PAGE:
Audits should be conducted against a set of standards that the company should adhere to that are generally accepted in the industry. In this short article, I do not pretend to know or list all the types of audit frameworks, but will address the most common ones I see in practice.

SOC audits

SOC stands for Service Organization Control and was developed by the AICPA (American Institute of Certified Professional Accountants). SOC reports evolved from the prior SAS70 reports and now come in three main flavors. SOC1 is essentially the SAS70 and serves to gauge a company’s control over financial reporting. SOC2 was developed because customers wanted some type of official report and kept asking vendors for SAS70s even when there was no financial reporting or involvement. SOC2 reviews a company’s controls on security, availability, processing integrity, confidentiality, or privacy related to personal data. SOC3 is a more basic form of SOC2 and should be used when you don’t really understand the controls being evaluated and you just want a basic report that provides the essentials.

Both SOC1 and SOC2 come in a Type 1 and Type 2. Both provide a description of the system and suitability of design. The difference is Type 2 adds operating effectiveness of controls. Thus, the most detailed report for financial reporting is SOC1, Type 2 and for personal data protection SOC2, Type 2.

There are other reports and audits performed, such as TRUSTe’s website and cookie audit service, independent reports based on one or more applicable standard/framework (some examples listed below), or specialty audits, such as the Cloud Security Alliance for cloud-based services, HiTRUST for healthcare, or FedRAMP for working with the US government.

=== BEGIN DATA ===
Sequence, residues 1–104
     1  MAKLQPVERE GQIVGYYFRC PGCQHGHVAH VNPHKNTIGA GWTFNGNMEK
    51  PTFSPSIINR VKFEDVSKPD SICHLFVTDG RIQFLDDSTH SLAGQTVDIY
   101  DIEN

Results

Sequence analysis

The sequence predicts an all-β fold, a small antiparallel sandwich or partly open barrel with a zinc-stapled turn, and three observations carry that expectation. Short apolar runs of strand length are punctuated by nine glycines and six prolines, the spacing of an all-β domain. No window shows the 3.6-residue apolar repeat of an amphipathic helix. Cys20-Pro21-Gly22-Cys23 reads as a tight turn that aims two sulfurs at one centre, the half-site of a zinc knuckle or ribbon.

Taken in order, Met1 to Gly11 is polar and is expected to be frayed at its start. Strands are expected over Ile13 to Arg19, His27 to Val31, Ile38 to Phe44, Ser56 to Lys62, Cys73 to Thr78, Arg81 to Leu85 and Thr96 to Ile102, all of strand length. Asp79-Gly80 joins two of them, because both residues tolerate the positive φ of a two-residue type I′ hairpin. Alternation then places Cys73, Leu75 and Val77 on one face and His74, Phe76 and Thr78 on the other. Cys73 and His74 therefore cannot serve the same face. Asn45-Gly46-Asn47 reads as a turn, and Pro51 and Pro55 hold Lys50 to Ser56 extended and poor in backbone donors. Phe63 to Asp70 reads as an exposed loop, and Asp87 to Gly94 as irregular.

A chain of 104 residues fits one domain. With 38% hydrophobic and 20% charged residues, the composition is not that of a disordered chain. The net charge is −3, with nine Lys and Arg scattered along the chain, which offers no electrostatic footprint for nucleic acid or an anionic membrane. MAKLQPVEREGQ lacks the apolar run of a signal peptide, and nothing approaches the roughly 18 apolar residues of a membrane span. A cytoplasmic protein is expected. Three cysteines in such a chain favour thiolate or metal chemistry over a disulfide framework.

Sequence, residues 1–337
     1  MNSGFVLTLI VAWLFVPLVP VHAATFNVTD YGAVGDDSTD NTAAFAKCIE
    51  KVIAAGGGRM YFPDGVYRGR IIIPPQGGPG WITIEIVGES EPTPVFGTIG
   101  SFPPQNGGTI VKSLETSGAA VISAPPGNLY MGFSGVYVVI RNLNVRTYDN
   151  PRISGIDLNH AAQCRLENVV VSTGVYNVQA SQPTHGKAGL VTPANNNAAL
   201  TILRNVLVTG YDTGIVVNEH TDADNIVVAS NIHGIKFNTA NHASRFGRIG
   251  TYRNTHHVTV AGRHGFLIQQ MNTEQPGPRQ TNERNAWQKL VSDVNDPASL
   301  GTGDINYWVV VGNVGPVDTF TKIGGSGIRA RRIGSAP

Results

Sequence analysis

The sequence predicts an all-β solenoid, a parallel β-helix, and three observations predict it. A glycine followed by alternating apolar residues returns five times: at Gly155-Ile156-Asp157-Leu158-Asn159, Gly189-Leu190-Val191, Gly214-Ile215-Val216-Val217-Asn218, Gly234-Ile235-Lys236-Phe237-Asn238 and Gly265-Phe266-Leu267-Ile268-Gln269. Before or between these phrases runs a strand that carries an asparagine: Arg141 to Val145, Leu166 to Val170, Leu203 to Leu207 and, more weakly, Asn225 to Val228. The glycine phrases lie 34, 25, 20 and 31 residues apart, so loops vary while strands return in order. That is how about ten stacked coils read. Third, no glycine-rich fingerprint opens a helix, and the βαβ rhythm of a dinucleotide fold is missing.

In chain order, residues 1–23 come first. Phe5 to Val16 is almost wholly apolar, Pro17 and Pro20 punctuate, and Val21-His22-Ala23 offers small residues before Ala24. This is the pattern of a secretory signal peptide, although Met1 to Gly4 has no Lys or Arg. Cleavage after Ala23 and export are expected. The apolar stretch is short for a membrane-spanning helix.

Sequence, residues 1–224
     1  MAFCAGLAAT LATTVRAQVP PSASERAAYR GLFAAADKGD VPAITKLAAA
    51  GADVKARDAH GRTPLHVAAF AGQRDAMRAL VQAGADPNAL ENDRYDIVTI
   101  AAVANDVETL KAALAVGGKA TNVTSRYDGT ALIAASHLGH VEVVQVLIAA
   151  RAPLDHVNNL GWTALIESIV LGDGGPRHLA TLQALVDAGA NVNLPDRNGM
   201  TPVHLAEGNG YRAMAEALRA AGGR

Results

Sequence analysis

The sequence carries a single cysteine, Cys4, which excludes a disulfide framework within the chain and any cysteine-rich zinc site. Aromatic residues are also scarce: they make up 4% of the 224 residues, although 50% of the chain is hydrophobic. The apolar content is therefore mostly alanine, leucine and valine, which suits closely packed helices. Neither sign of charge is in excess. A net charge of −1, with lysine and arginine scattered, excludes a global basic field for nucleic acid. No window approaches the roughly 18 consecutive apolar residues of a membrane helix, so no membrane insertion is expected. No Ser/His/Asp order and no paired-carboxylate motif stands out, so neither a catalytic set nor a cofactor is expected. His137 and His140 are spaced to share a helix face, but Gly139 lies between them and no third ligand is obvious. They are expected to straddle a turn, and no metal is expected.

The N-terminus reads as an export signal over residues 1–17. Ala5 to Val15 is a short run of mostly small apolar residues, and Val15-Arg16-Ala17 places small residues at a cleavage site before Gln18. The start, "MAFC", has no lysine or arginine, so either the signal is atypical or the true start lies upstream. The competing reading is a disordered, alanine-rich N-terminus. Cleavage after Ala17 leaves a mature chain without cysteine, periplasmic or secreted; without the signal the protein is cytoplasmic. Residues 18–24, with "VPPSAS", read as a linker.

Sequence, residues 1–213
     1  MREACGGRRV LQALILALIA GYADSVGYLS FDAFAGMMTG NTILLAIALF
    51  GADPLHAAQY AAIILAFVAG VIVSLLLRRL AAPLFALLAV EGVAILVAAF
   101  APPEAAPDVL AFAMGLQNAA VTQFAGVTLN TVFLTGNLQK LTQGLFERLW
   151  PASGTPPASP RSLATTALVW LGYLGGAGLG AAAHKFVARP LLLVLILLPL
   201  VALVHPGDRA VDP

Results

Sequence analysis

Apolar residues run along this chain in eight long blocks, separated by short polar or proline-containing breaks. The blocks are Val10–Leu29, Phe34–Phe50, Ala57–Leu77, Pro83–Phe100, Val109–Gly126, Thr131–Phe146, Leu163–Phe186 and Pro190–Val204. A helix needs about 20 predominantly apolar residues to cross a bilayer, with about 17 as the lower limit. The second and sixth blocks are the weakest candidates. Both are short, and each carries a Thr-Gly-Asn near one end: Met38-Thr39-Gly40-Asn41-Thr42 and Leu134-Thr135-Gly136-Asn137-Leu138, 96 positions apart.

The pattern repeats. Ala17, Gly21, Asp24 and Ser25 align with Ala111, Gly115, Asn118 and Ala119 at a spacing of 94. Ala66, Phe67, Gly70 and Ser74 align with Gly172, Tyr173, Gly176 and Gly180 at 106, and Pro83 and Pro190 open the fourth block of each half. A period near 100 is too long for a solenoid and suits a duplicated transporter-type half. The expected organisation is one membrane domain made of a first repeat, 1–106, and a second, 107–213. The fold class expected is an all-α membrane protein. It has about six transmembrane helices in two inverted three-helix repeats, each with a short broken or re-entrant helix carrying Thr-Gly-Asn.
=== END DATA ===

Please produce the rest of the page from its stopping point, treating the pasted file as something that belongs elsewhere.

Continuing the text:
Some common standards/frameworks include both developed standards and regulations/laws that require certain controls and where applicable, the most common part for personal data protection is listed even though there are many more standards available:

  • COBIT: Control Objectives for Information and Related Technologies (enterprise IT controls);
  • ISO 27000 series (or more appropriately ISO/IEC), International Organization for Standardization (more common globally);
  • NIST sp 800-53: National Institute of Standards and Technology (more US based); and,
  • PCI DSS: Payment Card Industry Data Security Standards (set by payment cards – Visa, MasterCard, etc.; global, applies to merchants who accept payment cards).

Common regulations/laws: